Picturing California's History
During the Great Depression, the Works Progress Administration (WPA), a government bureau that aimed to ease unemployment, funded public murals across the United States. In 1935, Lloyd became the first woman in Southern California to receive a prestigious WPA commission. The resultant mural, California’s Name, was her last major project and the only WPA mural she would complete. Several sets of unrealized mural studies in her archive, however, show her working in a style broadly associated with the WPA. These pencil and watercolor sketches picture California history in terms of land, celebrating its natural resources and colonial past.
Power, Water, Land
In one such mural series, perhaps intended for a municipal building, Lloyd pictures the history of Los Angeles through the development of power, water, and land. The Brea panel (Brea being the Spanish word for "tar"), portrays power through a depiction of native Californians and settlers extracting oil from the ground. Land is represented by Cahuenga, which references the Treaty of Cahuenga of 1847. This agreement ended hostilities in California during the Mexican-American War and made way for the secession from Mexico the following year.
Although many celebrated WPA murals were socially provocative, political conservatism was more the norm. Lloyd's history paintings fall into the latter category, depicting the founding of the state of California as peaceful progress, leaving out the strife and conflict that accompanied the colonization of the land. Details such as frolicking children and animals add an air of familiarity and domestic ease to the compositions, lightening the historical narrative.
Explorers, Settlers, and Missionaries
Another set of Lloyd's unrealized designs for a mural series features historical figures from California’s colonial era. Spanish explorer Sebastian Vizcaino mapped the state’s coastline and named many places (including Santa Barbara) along the way. Juan Batista De Anza was a Governor of New Spain who led colonizing expeditions. Jose Manuel Micheltorena was a general in the Mexican army and Governor of California. Jedediah Smith was an explorer and cartographer famous for being the first to enter and return from California via an overland route.
WPA Murals: California's Name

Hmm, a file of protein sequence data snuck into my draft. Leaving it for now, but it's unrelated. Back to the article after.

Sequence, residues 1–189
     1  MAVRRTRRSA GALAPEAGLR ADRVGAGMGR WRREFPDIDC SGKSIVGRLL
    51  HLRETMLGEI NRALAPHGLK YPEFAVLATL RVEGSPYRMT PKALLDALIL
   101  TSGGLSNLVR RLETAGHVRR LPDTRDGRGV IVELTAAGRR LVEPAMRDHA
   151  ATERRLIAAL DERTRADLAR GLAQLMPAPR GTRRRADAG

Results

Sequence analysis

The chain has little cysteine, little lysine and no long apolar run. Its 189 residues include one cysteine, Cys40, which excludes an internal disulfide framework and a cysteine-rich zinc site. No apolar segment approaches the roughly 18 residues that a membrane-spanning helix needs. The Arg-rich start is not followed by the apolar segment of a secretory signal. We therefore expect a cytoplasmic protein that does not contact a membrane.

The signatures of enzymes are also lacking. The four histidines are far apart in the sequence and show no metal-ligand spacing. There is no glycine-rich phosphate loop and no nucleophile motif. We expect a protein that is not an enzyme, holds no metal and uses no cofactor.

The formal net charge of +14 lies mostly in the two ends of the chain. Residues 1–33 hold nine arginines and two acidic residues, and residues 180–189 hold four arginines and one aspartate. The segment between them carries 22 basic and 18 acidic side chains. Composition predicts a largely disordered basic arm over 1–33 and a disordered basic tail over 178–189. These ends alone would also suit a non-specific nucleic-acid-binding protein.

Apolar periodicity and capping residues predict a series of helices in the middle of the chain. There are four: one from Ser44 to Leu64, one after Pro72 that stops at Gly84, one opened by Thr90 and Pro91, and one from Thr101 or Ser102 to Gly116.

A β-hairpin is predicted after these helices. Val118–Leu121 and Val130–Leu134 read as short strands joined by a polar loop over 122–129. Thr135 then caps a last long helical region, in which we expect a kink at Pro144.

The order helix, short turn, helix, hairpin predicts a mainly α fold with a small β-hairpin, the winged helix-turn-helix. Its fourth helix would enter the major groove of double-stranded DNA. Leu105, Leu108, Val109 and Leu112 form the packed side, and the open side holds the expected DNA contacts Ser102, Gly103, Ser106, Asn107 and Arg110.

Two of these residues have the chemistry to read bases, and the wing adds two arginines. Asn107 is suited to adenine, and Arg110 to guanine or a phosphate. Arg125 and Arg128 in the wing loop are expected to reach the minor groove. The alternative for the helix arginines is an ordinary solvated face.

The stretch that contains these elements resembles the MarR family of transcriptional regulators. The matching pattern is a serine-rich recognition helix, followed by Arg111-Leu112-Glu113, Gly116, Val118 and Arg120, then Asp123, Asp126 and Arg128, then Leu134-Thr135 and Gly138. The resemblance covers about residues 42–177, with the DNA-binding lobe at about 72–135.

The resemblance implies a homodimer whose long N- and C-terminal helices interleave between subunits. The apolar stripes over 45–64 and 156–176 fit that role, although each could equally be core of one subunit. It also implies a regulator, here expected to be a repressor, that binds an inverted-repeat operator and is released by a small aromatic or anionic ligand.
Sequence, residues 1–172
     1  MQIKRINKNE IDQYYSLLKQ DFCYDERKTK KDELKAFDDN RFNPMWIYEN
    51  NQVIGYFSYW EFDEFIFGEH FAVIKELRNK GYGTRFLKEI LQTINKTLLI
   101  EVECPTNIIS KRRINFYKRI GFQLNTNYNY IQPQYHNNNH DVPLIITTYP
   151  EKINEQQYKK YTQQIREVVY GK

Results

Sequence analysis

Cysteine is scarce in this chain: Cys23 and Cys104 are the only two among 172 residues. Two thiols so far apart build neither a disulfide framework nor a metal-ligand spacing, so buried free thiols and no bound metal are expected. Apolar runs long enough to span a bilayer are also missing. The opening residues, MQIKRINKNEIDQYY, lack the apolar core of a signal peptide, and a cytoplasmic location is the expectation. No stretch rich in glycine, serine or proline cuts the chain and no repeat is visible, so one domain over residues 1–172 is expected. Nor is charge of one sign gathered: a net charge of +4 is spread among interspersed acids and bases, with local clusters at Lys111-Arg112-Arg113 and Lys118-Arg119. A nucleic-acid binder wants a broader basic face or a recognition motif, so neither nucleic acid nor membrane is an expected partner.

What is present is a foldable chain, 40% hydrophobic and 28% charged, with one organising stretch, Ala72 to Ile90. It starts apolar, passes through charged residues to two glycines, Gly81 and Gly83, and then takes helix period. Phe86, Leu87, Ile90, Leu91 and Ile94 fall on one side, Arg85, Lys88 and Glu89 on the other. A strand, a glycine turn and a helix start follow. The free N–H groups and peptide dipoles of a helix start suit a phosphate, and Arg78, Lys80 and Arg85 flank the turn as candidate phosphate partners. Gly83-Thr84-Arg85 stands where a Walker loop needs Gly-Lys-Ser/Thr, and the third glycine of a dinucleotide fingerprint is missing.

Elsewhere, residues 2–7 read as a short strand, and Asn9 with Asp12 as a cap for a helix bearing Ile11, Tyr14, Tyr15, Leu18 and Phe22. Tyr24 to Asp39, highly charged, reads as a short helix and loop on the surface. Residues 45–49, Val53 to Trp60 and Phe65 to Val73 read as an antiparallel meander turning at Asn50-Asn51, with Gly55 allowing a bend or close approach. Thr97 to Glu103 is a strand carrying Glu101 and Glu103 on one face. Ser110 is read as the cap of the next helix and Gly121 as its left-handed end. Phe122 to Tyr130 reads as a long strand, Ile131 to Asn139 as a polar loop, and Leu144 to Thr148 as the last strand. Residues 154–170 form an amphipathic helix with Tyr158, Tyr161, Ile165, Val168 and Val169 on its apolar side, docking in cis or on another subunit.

Commissioned by the WPA in 1935 for the Assembly Room in the California State Building in Los Angeles, California’s Name took Lloyd two years to research and paint with the help of two assistants. The piece is a triptych, or three-part mural. The side panels, Flags of the Past and Flags of the Present, represent the six major California flags. The main panel, The Origin and Development of the State of California, depicts a working class couple, babe in arms, looking over the state's vast and spectacular topography. The figures are situated at the foot of an oval-shaped central motif that is headed by the mythical Amazon queen, Calafia, for whom California is named, depicted as a Mayan warrior-priestess. Calafia is approached on right and left by progressions of historical figures from the colonial era, such as the missionary, the forty-niner, and the frontiersman. The overall message is one of peaceful progress and bounty that extends to modern families as they take their place within the history of their great state.
California’s Name was dedicated on October 16, 1937 and remained in situ until 1971, when an earthquake damaged the structure of the building. After the State Building was torn down in 1975, the murals were gifted to the State Senate, put in a storage facility, and forgotten. In 1991, the Senate Rules Committee authorized a restoration project and installed the murals in the Senate Committee Room at the State Capitol in Sacramento. Lloyd’s only WPA commission, and the first to be awarded to a woman in Southern California, it was her last major project. In 1941, Lloyd committed suicide at the age of 47.